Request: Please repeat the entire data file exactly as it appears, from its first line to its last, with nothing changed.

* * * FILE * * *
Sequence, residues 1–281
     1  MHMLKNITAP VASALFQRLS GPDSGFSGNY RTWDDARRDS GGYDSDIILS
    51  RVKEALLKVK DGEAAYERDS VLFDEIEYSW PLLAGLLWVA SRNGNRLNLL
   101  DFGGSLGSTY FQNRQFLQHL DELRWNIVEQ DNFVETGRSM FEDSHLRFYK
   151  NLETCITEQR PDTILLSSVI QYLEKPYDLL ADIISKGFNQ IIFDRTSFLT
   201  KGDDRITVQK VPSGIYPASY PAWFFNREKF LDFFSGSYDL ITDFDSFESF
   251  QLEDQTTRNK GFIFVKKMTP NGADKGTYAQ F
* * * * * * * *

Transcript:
Sequence, residues 1–281
     1  MHMLKNITAP VASALFQRLS GPDSGFSGNY RTWDDARRDS GGYDSDIILS
    51  RVKEALLKVK DGEAAYERDS VLFDEIEYSW PLLAGLLWVA SRNGNRLNLL
   101  DFGGSLGSTY FQNRQFLQHL DELRWNIVEQ DNFVETGRSM FEDSHLRFYK
   151  NLETCITEQR PDTILLSSVI QYLEKPYDLL ADIISKGFNQ IIFDRTSFLT
   201  KGDDRITVQK VPSGIYPASY PAWFFNREKF LDFFSGSYDL ITDFDSFESF
   251  QLEDQTTRNK GFIFVKKMTP NGADKGTYAQ F